Thomas J. Wolf Jr. Profile: US songwriter, pianist and producer; co-founder (together with Fred Astaire and drummer Jackie Mills) of Choreo Records, later to become Ava Records (born in , St. Louis, USA - died on 9 January ). Find Tom Wolf discography, albums and singles on AllMusic. Find Tom Wolf discography, albums and singles on AllMusic AllMusic.. New Releases full condensed blue highlight denotes album pick Filter Discography By DVDs & Videos All. Year Album Label AllMusic Rating User Ratings ; Introduction to Harmonica: Select-O-Hits (0) 1 / 5. Nov 23, · This cd was released in and has the all the artwork & title info encoded, so it works very well for a component like Cocktail Audio. Read more 8 people found this helpful/5().
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Gene Bertoncini. Con Alma. Dizzy Gillespie. The Nearness of You. A Moment Alone. How Insensitive. Like Someone in Love.
James Van Heusen. On a Misty Night Tadd Dameron. Tom Wolfe feat: Gene Bertoncini. For My Lady Toots Thielemans. For Chet Gene Bertoncini. Con Alma Dizzy Gillespie. A Moment Alone Tom Wolfe. No use, boys! An army of protesters found the poor cringing devils anyway and stormed into the auditorium chanting, "Maryland conference, you can't hide—we know you're pushing genocide!
The present moment resembles that moment in the Middle Ages when the Catholic Church forbade the dissection of human bodies, for fear that what was discovered inside might cast doubt on the Christian doctrine that God created man in his own image.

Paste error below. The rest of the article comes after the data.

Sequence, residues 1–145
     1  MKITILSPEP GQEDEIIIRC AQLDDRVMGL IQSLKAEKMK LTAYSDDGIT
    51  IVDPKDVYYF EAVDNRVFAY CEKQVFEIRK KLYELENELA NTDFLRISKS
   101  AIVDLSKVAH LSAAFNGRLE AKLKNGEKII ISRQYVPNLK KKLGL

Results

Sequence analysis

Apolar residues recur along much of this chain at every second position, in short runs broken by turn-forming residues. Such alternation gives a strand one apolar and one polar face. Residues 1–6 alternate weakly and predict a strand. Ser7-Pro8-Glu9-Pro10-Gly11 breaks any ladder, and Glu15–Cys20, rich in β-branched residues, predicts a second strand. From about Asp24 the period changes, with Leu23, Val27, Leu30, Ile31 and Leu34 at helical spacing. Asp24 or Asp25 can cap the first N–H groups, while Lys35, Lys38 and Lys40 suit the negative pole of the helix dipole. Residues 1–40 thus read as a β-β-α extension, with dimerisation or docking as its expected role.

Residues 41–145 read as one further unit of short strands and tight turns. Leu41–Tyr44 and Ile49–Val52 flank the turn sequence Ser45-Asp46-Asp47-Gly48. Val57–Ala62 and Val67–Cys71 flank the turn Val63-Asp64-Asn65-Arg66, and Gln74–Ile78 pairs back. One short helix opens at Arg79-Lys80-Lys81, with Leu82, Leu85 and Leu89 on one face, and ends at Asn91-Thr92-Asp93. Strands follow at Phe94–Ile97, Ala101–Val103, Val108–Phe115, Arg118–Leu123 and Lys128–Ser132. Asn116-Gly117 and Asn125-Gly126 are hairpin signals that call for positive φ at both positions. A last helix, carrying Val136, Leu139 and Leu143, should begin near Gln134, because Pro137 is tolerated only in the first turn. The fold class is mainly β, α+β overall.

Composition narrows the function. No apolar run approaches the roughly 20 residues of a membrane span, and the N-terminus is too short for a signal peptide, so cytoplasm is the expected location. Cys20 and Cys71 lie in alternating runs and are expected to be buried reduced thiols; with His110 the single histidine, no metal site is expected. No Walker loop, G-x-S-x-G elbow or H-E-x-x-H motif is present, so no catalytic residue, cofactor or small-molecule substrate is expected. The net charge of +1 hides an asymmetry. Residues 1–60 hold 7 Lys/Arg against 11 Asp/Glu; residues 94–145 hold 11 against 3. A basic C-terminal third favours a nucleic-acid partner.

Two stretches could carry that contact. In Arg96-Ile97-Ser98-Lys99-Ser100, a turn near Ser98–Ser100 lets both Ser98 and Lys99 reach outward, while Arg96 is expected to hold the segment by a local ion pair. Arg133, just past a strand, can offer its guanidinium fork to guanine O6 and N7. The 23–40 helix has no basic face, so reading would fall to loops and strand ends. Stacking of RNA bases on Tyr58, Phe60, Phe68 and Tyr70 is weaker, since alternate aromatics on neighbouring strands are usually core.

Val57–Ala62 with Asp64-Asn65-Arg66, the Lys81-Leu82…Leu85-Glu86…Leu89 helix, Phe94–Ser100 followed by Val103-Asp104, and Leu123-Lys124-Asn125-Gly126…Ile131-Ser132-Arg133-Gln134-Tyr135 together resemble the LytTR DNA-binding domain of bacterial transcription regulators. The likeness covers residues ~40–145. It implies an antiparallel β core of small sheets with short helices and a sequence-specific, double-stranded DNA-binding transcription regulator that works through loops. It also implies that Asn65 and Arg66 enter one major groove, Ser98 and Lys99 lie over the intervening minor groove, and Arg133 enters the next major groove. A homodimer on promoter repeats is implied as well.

Even more radio—active is the matter of intelligence, as measured by IQ tests. Privately—not many care to speak out—the vast majority of neuroscientists believe the genetic component of an individual's intelligence is remarkably high.
Your intelligence can be improved upon, by skilled and devoted mentors, or it can be held back by a poor upbringing—i.
The recent ruckus over Charles Murray and Richard Herrnstein's The Bell Curve is probably just the beginning of the bitterness the subject is going to create. Not long ago, according to two neuroscientists I interviewed, a firm called Neurometrics sought out investors and tried to market an amazing but simple invention known as the IQ Cap.
The idea was to provide a way of testing intelligence that would be free of "cultural bias," one that would not force anyone to deal with words or concepts that might be familiar to people from one culture but not to people from another. The IQ Cap recorded only brain waves; and a computer, not a potentially biased human test—giver, analyzed the results. It was based on the work of neuroscientists such as E, Album).
Roy John 1, who is now one of the major pioneers of electroencephalographic brain imaging; Duilio Giannitrapani, author of The Electrophysiology of Intellectual Functions ; and David Robinson, author of The Wechsler Adult Intelligence Scale and Personality Assessment: Toward a Biologically Based Theory of Intelligence and Cognition and many other monographs famous among neuroscientists. I spoke to one researcher who had devised an IQ Cap himself by replicating an experiment described by Giannitrapani in The Electrophysiology of Intellectual Functions.